Further coverage of the planned return on permanent loan  of some of the Lewis Chessmen to a new purpose built exhibition space in Lews Castle.
It has been pointed out to me following my questioning of why this was happening now , that there is of course a referendum on Scotland’s independence from the UK coming up some time around the return date – which may well have had a bearing on the decision.
The British Museum has also announced a series of regional tours of other artefacts – increasing its lending programme (within the UK at least).
Museums Association Journal 
Lewis Chessmen to return to Western Isles
Rebecca Atkinson, 14.06.2012
British Museum also announces series of regional loans
Six of the Lewis Chessmen are to go on permanent display at Lews Castle, Stornoway, from 2014 as part of a loan agreement between Comhairle nan Eilean Siar (Western Isles Council) and the British Museum.
The medieval chess pieces will be displayed in a new museum funded by a £4.6m Heritage Lottery Fund grant and supported by National Museums Scotland (NMS) and the British Museum.
This partnership is expected to result in further loans to the new museum, which will be the first in the UK to use Gaelic as its first language.
Angus Campbell, the leader of the Comhairle, said: “The presence of the Lewis Chessmen on the islands where they were found is highly appropriate and significant for the Outer Hebrides, and will support the substantial investment committed to the Lews Castle Museum and Archive project.”
The Scottish National Party has previously called for the pieces to be returned to the Western Isles.
The new loan agreement follows last year’s touring exhibition of the Lewis Chessmen across Scotland, which was organised by NMS. A five-month exhibition at the Museum nan Eilean on Stornoway attracted over 23,000 visitors.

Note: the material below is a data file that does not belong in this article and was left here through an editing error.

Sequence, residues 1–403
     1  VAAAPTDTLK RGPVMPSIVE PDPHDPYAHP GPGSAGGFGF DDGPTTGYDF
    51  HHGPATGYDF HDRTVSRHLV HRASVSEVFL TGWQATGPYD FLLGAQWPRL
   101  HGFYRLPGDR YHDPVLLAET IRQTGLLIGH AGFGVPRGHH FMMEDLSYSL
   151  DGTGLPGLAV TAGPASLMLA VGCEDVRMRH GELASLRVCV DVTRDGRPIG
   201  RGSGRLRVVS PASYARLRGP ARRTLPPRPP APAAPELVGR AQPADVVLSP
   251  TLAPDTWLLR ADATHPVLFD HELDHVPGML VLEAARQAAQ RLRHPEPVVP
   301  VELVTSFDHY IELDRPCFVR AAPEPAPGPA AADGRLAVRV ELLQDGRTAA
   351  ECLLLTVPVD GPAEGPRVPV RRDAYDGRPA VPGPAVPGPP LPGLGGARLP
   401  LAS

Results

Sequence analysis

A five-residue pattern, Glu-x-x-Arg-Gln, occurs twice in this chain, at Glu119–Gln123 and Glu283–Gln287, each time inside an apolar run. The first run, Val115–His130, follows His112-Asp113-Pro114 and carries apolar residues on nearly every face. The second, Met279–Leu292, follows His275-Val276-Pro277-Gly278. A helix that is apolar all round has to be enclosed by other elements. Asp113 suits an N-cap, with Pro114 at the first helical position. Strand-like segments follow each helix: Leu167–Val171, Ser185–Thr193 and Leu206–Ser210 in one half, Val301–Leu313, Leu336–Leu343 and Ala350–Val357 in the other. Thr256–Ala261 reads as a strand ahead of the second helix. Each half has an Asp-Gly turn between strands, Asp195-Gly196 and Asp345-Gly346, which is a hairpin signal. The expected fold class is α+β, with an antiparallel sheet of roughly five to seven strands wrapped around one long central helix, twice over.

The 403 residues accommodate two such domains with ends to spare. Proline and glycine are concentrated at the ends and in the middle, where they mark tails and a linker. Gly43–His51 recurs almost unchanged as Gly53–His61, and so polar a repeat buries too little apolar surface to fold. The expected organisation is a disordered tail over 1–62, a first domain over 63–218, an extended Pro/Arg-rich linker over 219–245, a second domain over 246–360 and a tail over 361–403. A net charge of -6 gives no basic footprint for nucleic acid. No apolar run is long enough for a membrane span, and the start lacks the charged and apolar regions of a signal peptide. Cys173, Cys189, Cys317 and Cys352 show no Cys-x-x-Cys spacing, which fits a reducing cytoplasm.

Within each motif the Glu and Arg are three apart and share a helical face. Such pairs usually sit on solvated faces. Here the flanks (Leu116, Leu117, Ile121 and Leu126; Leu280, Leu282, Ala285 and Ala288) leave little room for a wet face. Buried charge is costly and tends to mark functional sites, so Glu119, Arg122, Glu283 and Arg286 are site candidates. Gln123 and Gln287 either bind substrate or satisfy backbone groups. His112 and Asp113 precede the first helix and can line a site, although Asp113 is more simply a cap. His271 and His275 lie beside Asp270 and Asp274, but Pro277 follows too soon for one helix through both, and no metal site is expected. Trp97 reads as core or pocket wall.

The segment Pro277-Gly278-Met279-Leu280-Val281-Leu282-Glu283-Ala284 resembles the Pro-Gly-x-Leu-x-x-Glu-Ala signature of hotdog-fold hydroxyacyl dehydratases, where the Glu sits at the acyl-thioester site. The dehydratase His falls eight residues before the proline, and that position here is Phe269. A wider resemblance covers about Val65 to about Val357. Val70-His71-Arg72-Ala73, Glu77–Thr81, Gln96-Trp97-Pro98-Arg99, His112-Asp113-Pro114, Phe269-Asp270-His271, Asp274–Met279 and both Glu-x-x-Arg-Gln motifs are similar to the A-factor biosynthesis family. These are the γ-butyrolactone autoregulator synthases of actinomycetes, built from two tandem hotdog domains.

Since 1995 there has been an agreement between the British Museum and Museum nan Eilean to loan the chessmen periodically. NMS owns 11 pieces, with the remaining 82 held by the British Museum.
The British Museum also announced this week a new regional loan programme called Spotlight Tours.
The scheme is funded by the museum’s £100,000 Art Fund Prize, which it won last year for the Radio 4 series and exhibition A History of the World in 100 Objects. Spotlight Tours will run for up to four years and include single loans, touring exhibitions, partnerships and skills exchange.
The De La Warr Pavilion in Bexhill will be the first recipient of the programme with the loan of a Roman bronze of Herakles during the Olympic season.
David Rhodes, curator at the De La Warr Pavilion, said: “The pavilion is known primarily as a centre for contemporary art so this sculpture will provide an usual and surprising juxtaposition for our visitors.”
Other loans include a 13,000-year-old carved tusk artwork, the Swimming Reindeer, to the Ice Age cave site at Creswell Crags in Derbyshire. The Shetland Museum and Archives will also host a bronze cat sculpture in September, a follow up loan from the Lewis Chessmen tour.
Neil MacGregor, director of the British Museum, said: “A single object can tell multiple and interconnecting histories. It can be used to cast light on a local or global story, or give a new perspective within the context of a different setting or collection.
“The British Museum is committed to sharing its collection as widely as possible and we are delighted to be able to use the Art Fund Prize funding to collaborate with local partners on this series of tours.”
The British Museum has previously lent objects from its collection to regional museums in England under the Renaissance-funded Something Borrowed initiative.